I've always wanted to try to receive weather images from space, and this weekend decided to have a go.
Here's the result from NOAA 18, in polar orbit at 850km altitude, passing over my house:
I used Adam 9A4QV's blog post and article to construct a simple V-dipole, out of some 3.18mm aluminium "round bar" off ebay, and an electrical connection block. The feeder was RG213 coaxial cable I had lying around.
I taped it all to a plastic tube (the packaging for the rods), and fastened it with duct-tape to an aluminium pole, positioned on the patio in the back garden.
The receiver software, SDRuno on a Windows 10 laptop, was configured to output audio to a Virtual Audio Cable. Image decoding was done by wxtoimg, for which the main site is wxtoimgrestored.xyz, but I ran into difficulties with their download (the installed folder contained 2 text files, no program), and found an alternative source.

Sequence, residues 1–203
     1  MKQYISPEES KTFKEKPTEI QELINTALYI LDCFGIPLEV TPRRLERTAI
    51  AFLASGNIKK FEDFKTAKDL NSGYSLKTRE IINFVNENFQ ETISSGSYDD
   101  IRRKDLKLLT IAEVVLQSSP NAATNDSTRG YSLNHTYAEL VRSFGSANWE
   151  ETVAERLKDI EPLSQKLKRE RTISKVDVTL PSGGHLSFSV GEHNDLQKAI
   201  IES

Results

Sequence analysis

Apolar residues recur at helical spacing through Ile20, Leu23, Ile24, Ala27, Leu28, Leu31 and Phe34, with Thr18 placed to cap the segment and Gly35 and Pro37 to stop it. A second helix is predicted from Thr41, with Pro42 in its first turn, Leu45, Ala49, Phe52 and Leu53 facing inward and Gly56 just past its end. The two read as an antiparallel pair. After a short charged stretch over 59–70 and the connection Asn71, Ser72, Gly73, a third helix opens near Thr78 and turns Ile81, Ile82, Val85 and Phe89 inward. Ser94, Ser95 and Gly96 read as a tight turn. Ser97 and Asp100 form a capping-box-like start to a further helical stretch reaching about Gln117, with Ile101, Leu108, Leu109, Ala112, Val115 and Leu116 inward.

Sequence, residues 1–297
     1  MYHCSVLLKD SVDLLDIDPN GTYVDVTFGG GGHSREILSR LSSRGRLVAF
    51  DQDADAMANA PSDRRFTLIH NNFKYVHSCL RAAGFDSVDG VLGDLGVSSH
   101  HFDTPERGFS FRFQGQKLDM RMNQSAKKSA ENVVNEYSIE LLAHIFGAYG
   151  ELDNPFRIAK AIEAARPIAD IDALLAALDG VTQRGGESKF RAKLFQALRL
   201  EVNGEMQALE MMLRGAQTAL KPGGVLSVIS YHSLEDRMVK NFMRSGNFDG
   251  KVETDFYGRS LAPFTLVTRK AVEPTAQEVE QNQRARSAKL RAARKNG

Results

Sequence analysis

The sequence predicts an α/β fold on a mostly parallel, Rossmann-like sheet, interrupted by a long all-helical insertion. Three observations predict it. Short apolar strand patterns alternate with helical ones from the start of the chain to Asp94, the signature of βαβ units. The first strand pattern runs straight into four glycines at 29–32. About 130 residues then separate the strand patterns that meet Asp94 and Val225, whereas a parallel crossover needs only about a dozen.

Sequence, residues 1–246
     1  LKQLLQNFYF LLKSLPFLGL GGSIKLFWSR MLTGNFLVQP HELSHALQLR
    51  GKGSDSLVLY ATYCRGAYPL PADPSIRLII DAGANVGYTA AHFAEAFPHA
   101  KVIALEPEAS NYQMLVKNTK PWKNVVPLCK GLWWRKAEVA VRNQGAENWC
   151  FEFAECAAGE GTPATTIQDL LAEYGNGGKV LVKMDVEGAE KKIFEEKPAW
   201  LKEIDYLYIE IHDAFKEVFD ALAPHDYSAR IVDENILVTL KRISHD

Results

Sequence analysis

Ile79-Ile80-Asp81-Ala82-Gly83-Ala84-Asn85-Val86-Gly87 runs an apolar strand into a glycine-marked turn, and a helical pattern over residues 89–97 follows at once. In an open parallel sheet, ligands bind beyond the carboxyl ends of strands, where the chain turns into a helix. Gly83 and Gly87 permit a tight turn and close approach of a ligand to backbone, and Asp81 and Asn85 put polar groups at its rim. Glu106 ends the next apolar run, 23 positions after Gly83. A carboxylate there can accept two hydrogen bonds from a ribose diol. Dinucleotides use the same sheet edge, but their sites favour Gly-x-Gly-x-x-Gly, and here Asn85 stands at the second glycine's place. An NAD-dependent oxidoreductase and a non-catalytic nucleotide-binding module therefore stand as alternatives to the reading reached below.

To find the current stallites I used the pass list shown in wxtoimg, and gm4vzy's weather satellite report to get the latest status and frequencies. I put the desired frequencies in the SDRuno memory panel and manually selected the next satelite due. Settings were WFM, 60K. Click to zoom in.
To see where the satellites are, I used the cross-platform Gpredict application:
and the on-line 3D CelesTrak Orbit Visualization:
Update: I had put the pole down, almost horizontally onto a chair at about 1m height, still pointing North, and it did just as well if not better! Here is NOAA 19:
This was fun! Next I might try making a QFH antenna.